Irvine has placed a ban on the killing of healthy and adoptable animals.
While this is good news overall, there are a few points to notice about this case. Two are instructive and one is cautionary.
1. The first thing is the involvement of the City Council and the fact that they 1) formed a Council sub-committee to study the issue and 2) called for a study of the shelter by an outside consultant. This shows that Irvine really wanted to get to the bottom of the matter.
2. Second - the fact that this was all brought about because shelter volunteers complained to the city.
From the article: "In response to the concerns of the volunteers, city officials halted all euthanasia – unless medically necessary – for 60 days in early 2015."
Folks who see disorganization, unclear and poorly executed policies, retaliatory behavior and poor decision-making at their shelters are the ones who are the most effective at getting the City to respond. They need to speak out. As you can see, City Councils have the power to declare policies on killing -- even halt euthanasia -- but they won't do it unless they are pushed to, especially in Long Beach.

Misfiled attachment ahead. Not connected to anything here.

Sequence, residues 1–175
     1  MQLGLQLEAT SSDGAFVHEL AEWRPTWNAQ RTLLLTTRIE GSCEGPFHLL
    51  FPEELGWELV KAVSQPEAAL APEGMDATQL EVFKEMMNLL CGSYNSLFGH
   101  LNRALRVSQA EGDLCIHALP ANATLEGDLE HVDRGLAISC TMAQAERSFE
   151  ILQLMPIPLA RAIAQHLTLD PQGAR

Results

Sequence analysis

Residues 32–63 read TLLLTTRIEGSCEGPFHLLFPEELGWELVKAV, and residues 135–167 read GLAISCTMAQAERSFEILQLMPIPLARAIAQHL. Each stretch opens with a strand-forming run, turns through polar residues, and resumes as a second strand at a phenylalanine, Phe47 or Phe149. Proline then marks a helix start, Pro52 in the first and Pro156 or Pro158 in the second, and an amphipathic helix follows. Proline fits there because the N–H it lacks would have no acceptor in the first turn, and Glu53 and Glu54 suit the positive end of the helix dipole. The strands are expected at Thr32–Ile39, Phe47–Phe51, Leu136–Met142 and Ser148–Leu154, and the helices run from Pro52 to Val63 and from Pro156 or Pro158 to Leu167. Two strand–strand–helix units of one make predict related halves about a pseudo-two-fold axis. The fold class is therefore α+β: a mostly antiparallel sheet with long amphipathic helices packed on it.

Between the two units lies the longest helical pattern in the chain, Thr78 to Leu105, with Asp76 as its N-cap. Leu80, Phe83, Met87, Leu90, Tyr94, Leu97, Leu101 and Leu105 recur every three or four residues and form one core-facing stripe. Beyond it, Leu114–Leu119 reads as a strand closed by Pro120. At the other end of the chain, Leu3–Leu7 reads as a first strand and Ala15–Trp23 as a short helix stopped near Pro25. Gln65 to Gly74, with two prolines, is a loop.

3. Third - and these are caveats, while Irvine is moving in the right direction, placing a ban on killing healthy and adoptable animals is only a start because it still allows for the killing of treatable animals. Many of the animals that are killed in the Long Beach shelter are very treatable: they stay in the shelter too long (because of a non-existent adoption program) and they get sick and then they're killed.
Limiting it to adoptable animals allows the shelter to have a gigantic loophole in saying that that kitten that sneezes is not adoptable because he/she has a very treatable upper respiratory infection (aka 'a cold.')
The protections need to be extended to healthy and TREATABLE animals, and a strong adoption program needs to be put in place so that animals can get out of the shelter BEFORE they get sick.
We're moving toward a future where no healthy or treatable animal will be killed, or where city shelters will do everything in their power to protect healthy and treatables -- how long will Long Beach fight that?
An initiative to make Long Beach a No Kill community.